Varieties

The muscadine grape (Vitis rotundifolia) is harvested as single berries unlike the bunch grape varieties native to Europe. European varieties are used to make much of the common table wines sold today. However, European bunch grapes do not grow well in Florida. The hot, humid climate makes them susceptible to a wide range of diseases. Since the muscadine is a Florida native, it is seldom affected by disease (Crocker and Mortensen, 2001).

Scientists concerned with developing hybrid bunch grapes and improving the native muscadines, have created a wider variety of wine grapes. For more than 75 years, researchers at the University of Florida have been committed to improving Florida’s grapes. This research has developed varieties that flourish in Florida's subtropical climate, well-suited to the soils and perfect for winemaking (FDACS, 2004).

Research begins in the 1930s

Viticulture was a thriving Florida industry until the 1930s, when Pierce's disease wiped out most of the grapes. Agricultural researchers at the University of Florida then began research to learn more about Pierce's disease. They discovered that the disease was a bacteria. They also began a process to determine whether a hybrid grape could be developed that would produce a fine wine and also be immune to Pierce’s disease (Eden Vineyards, 2004).

Until the late 1970s, nearly all UF Institute of Food and Agricultural Sciences research efforts were focused on development of disease-resistant bunch grape varieties. Researchers developed varieties through hybridization of local muscadine grape species with the European table wine grape, Vitis vinifera (Table 1, Gray, 2003).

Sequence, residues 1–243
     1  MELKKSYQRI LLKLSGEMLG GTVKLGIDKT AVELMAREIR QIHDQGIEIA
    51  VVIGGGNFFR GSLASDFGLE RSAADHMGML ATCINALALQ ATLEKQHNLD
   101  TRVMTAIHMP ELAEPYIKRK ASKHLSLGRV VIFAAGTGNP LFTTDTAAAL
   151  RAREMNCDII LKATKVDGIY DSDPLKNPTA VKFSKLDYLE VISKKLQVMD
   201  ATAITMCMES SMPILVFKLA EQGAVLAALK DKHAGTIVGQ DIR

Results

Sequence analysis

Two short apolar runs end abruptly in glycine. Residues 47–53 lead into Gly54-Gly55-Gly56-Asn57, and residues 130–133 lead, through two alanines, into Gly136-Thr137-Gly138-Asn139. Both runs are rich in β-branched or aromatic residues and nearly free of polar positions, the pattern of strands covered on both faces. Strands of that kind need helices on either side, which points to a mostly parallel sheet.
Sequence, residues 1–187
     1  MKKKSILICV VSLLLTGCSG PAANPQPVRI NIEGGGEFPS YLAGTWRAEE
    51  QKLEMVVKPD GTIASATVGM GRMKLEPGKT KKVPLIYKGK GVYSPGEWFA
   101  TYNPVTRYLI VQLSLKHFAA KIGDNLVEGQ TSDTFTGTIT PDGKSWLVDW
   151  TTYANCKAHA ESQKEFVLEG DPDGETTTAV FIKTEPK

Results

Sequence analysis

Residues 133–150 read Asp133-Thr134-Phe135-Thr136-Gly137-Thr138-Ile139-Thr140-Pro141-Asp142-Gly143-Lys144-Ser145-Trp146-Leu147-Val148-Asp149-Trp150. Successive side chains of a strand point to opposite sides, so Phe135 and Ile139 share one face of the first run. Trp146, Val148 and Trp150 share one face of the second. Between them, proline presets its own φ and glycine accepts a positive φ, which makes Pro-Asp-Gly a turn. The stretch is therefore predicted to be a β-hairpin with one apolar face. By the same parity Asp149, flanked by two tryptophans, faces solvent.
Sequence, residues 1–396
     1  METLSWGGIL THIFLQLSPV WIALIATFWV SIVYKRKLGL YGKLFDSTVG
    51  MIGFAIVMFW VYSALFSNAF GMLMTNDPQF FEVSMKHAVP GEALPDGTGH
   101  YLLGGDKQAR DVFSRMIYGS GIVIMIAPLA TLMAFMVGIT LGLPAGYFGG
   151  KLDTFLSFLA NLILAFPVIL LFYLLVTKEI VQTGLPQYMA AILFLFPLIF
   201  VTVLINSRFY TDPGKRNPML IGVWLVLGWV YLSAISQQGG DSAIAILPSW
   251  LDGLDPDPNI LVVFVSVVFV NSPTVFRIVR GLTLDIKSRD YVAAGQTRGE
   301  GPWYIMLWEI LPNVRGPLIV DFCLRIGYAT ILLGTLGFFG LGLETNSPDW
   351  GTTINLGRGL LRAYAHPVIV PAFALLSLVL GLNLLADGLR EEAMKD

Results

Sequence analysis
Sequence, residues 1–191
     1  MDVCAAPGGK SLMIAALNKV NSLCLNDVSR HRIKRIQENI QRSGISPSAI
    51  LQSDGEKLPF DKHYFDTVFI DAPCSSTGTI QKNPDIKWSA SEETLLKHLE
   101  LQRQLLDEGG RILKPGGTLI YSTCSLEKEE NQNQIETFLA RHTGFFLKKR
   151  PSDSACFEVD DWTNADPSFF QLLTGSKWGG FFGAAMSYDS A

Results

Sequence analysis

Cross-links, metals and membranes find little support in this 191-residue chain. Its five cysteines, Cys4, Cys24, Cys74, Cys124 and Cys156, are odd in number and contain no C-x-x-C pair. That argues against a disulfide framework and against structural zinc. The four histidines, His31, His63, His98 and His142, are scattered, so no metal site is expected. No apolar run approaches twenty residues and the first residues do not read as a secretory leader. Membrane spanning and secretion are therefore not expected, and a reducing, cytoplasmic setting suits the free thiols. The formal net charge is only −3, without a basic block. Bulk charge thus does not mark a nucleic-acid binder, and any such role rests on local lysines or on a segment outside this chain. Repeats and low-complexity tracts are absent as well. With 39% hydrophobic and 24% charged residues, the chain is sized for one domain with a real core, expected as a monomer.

Table 1. Florida hybrid bunch grape varieties produced by the UF Institute of Food and Agricultural Sciences.

Hybrid Bunch Grape Varieties

Date of Release

Lake Emerald

1954

Blue Lake

1960

Norris

1966

Stover

1968

Liberty

1976

Tampa Rootstock

1982

Conquistador, Suwannee, Daytona

1983

Orlando Seedless

1986

Blanc du Bois

1987

Florilush Rootstock

1994

In the late 1970s, the UF Institute of Food and Agricultural Sciences began a muscadine breeding program. Developments of biotechnological procedures to facilitate genetic improvement of grape began in 1984 and continue today. The program is responsible for a number of pivotal technological advances for grapes and has been awarded two U.S. patents for work in genetic transformation (Table 2, Gray, 2003).

Table 2. Florida muscadine grape varieties produced by the UF Institute of Food and Agricultural Sciences.

Muscadine Grape Varieties

Date of Release

Dixie (with NC State Univ.)

1976

Welder

1977

Alachua

1990

Southern Home*, Florida Fry

1994

*Southern Home is a hybrid between bunch and muscadine grape, but it resembles muscadine.

The Future

Further research at the University of Florida suggests that muscadine grapes produce a healthier wine than traditional bunch grape varieties. There is a unique combination of antioxidants in muscadine wine that is not found in other grape varieties, and muscadine wine contains higher levels of antioxidants (Lockette, 2003).

Soon molecular genetic research will produce further improved varieties and possibly enable traditional wine grape production in Florida (Gray, 2003).

| Home | History | Varieties | Winemaking | Wineries | Bibliography

Designed by Patricia Casey